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How the “I Don’t Sleep Much” Culture Is Impacting Your Health

And how we can wake up to it.

Photo by Mark Solarski on Unsplash

If you’re not tired, you’re not busy enough—you could be doing more.

Sound familiar? If so, you’re not alone. The sentiment that tired equals productive is a ubiquitous one. This belief implies that successful people are tired because they are busy, that they put in the long hours needed to get to the top, and that doing so shows dedication. And sure, it does show dedication. Unfortunately, the long hours might be canceling themselves out by ruining your ability to be as productive and alert as possible.

The “I don’t sleep” culture is especially pronounced on college campuses and throughout Silicon Valley.

College students will sleep when they’re dead

Yale Daily News ran a feature last year highlighting the pervasive culture of sleep deprivation on college campuses. The opening anecdote frames the problem perfectly: after a few weeks of sleeping for only four hours a night, a student falls asleep during a lecture, right in front of her professor.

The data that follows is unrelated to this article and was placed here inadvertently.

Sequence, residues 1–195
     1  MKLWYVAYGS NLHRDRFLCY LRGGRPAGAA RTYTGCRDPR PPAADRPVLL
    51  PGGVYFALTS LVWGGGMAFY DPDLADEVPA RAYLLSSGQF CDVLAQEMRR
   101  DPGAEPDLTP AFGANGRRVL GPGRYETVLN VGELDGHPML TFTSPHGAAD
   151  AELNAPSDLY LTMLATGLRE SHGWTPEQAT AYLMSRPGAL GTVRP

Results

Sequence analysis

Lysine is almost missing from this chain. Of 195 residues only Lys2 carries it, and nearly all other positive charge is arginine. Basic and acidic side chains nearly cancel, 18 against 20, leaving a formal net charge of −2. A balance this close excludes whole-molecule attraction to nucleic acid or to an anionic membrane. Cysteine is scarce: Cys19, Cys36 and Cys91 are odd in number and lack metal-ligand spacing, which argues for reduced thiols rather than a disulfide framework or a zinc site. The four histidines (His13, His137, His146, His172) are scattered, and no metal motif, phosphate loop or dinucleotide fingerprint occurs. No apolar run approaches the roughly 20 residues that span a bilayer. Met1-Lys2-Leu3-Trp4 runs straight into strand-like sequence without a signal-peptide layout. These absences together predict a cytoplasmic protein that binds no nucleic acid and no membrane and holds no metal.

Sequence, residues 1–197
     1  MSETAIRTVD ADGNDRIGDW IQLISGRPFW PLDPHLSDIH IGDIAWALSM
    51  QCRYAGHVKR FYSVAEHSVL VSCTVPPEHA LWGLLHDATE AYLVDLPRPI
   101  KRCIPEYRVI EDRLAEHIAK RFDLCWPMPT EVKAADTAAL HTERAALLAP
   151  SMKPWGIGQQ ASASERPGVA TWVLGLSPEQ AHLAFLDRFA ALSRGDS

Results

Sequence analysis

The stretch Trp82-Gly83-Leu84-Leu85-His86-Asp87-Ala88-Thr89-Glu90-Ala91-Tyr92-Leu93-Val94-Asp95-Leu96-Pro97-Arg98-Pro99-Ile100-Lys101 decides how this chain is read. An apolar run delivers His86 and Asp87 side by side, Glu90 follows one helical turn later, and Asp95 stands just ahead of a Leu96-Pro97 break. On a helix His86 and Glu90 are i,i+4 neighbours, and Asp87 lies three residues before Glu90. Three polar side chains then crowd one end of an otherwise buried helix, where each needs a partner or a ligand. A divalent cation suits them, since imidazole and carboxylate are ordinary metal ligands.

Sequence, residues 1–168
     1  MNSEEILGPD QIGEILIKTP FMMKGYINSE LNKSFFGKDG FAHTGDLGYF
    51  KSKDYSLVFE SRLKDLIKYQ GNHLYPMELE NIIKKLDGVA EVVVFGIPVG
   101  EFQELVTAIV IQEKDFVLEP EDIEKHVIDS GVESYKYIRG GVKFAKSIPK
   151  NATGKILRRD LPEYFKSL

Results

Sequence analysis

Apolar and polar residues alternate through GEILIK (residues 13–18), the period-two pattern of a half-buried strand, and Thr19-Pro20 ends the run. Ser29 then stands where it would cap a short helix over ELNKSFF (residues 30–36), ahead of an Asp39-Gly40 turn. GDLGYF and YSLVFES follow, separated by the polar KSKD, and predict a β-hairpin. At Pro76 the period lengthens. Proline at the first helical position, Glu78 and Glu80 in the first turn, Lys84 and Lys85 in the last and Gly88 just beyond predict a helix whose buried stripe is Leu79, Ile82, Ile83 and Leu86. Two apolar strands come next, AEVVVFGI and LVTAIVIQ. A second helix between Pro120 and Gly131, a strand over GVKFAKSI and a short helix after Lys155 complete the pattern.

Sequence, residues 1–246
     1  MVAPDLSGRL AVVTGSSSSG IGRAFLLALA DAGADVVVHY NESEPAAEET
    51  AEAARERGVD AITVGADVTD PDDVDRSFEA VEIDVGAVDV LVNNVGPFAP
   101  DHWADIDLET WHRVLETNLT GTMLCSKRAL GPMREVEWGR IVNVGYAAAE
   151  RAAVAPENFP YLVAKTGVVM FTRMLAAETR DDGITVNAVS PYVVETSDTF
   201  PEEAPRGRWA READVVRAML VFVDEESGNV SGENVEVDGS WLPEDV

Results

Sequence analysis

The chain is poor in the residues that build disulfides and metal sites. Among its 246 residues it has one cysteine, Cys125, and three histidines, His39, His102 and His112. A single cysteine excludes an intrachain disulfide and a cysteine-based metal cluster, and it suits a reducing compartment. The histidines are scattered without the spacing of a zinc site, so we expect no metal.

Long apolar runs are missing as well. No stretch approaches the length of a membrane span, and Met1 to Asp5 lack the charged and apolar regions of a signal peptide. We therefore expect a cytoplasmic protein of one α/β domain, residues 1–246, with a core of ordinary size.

Students describe the attitude toward sleep during college as “I’ll sleep when I’m dead.” Students have this idea that sleep deprivation is something to be proud of. They wear dark under-eye circles and exhaustion like an Olympic medal: it shows they have drive and are important and successful. Among these students, sleep is seen as slothful or weak Those who are well rested often appear lazy or unable to reach their potential.

Silicon Valley never sleeps

The same attitude runs rampant in the tech sector. There is always more work to do, and working excessively to get things done is prioritized over getting adequate rest and doing better-quality work. Yahoo! CEO, Marissa Mayer, in an interview with Bloomberg Businessweek, claimed that one of the keys to her success during her stint at Google was hard work. And in this case, hard work meant putting in 130 hours a week. She accomplished this by planning every moment of sleep, when she would shower, and even every trip to the bathroom.

For those keeping score, 130 hours a week equates to almost nineteen hours a day, seven days a week. If you’d like a day off, you’d have to put in almost twenty-two hours each day. And often, that’s exactly what happened. Mayer claims she worked at least one all-nighter a week for her first five years at the company. She also claims that she can tell which startups will succeed and which will fail based on their willingness to put in those kinds of hours.

This attitude sounds illogical to most people, but in the Valley, it isn’t so far-fetched. In fact, Facebook co-founder Dustin Moskovitz called out the tech industry as a whole for encouraging unsustainable work environments where this sort of intense dedication—and the associated lack of sleep—are encouraged and even rewarded.

The health impact of inadequate sleep